Non-Irish communities polish up on GAA terms

COME on, referee — kwadratowa pika! That man was well inside the pole podbramkowe!

If bookmakers Boylesportrs have anything to do with it, you may be hearing those shouts ringing out at GAA games all over the country this summer. The bookies have produced a dictionary which translates a host of popular GAA-specific terms and words into Polish and Chinese.

For your information, kwadratowa pika is the Polish term for a square ball; the small parallelogram is pole podbramkowe - not as snappy as the square, maybe, but no clumsier a term to shout than, er, the small parallelogram.

There are over 200,000 Polish people in the state, and in order for those newcomers to understand the GAA’s unique language — phrases such as breaking ball (wybicie) and sideline cut (rzut z autu) Boylesports have issued a dictionary which aims to foster a greater understanding of our national games, given the huge interest amongst non-Irish national communities in the GAA.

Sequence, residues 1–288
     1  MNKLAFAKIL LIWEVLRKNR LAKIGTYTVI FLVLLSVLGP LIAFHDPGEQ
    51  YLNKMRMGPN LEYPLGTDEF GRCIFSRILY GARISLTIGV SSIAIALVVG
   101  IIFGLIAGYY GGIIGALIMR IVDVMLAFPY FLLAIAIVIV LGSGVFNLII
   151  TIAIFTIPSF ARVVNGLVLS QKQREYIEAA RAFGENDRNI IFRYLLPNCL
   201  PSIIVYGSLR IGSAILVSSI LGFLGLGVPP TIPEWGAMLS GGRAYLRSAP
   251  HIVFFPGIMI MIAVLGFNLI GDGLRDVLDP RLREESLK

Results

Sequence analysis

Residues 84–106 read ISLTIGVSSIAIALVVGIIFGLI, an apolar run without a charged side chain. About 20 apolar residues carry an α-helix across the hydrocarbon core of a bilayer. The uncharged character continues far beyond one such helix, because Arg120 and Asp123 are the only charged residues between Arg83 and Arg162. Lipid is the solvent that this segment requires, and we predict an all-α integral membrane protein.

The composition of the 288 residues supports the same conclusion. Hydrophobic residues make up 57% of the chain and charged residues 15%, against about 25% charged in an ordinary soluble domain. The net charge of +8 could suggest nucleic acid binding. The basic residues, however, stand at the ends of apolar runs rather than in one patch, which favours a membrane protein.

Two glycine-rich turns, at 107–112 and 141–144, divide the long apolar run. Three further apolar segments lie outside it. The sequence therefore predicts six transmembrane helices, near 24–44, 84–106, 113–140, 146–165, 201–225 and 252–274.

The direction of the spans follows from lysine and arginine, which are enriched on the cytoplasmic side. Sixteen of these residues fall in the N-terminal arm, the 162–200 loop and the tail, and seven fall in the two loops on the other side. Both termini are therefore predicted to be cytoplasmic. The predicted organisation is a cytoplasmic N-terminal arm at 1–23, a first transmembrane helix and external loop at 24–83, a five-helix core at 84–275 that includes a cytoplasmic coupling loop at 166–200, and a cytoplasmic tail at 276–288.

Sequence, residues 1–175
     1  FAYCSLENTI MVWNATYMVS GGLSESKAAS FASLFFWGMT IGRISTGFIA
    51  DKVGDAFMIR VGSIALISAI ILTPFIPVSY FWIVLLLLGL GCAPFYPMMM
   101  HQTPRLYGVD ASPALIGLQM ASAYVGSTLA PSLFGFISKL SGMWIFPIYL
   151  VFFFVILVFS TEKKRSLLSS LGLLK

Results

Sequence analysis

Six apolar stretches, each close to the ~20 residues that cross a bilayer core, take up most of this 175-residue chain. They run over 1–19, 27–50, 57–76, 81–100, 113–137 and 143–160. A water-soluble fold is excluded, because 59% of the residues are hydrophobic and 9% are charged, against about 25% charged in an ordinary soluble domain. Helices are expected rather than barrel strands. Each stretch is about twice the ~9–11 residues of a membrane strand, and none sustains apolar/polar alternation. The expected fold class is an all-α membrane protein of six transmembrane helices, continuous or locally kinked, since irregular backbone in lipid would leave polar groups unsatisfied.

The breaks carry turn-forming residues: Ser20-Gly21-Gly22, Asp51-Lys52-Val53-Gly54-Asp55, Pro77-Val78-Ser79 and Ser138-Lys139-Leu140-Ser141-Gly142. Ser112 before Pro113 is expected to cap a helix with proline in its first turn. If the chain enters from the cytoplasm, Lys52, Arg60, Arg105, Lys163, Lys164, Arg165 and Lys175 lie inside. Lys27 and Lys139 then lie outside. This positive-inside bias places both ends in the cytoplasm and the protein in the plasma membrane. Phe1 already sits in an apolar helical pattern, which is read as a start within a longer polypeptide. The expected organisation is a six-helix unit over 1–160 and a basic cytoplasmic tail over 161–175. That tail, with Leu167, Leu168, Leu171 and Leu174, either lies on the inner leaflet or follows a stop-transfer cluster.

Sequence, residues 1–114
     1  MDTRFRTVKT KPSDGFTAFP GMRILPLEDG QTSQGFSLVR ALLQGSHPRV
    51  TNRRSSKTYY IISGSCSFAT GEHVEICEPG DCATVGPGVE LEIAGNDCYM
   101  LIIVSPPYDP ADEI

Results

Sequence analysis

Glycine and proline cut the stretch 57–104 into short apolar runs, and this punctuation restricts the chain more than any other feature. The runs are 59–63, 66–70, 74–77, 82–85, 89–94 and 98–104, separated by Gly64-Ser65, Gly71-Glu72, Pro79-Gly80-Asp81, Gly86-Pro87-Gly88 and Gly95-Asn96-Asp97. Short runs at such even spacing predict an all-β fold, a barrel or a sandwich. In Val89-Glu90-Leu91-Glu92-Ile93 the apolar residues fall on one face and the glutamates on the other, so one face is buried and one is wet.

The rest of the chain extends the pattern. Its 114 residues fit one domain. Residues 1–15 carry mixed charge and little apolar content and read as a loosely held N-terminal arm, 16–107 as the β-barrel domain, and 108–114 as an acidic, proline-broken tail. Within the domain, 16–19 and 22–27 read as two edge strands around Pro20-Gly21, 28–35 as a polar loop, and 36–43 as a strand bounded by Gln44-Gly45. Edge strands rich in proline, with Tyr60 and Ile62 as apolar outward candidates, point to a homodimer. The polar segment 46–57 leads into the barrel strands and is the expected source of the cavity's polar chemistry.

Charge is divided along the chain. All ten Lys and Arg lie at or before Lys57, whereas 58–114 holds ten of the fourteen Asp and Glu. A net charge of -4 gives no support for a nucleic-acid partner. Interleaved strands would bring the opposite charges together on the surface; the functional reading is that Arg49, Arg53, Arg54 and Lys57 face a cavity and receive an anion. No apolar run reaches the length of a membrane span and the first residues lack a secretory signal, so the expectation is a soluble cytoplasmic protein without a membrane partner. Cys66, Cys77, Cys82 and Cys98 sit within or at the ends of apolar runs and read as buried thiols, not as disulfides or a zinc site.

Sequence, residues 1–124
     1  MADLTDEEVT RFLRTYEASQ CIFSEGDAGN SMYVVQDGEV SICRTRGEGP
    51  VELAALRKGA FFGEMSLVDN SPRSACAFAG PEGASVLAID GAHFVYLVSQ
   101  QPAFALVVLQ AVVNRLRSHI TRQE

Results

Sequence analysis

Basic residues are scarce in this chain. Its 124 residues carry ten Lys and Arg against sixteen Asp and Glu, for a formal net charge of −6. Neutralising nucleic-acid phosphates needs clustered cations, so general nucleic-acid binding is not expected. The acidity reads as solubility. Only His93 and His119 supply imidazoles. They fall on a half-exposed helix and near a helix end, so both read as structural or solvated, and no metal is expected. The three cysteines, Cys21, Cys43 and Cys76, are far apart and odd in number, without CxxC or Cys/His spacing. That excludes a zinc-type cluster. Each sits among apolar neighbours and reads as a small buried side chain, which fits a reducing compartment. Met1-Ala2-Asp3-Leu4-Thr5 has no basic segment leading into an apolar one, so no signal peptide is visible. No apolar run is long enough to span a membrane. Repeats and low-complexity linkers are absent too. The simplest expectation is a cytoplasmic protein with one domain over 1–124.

Purists may quibble with one or two definitions — if hurl is the Polish for hurl, how is hurley translated? — while terming someone a zyleta miesniak (a skelping mullocker) is likely to lead to a quick lokiec pod zeberko, or a flaking.

Leon Blanche, spokesperson for Boylesports, said yesterday: “Gaelic games are one of the most important parts of our heritage and culture.

“Ireland is rapidly becoming a diverse multicultural society and we thought this would be a good way to give the Polish communities a greater understanding of football and hurling.

“We hope that when Polish people go to watch games that they will now have a better understanding of what is being said around them.”

The Boylesports GAA Ethnic Dictionary translates 25 distinctive GAA terms and into both Polish and Chinese and also gives a translation of the term’s meaning. The dictionary was developed in association with Ethnic Media.

Presumably it was also approved by the relevant GAA dzialacze, or committee. Otherwise there could be a bit of a burda.

That’s a shemozzle to you and me.


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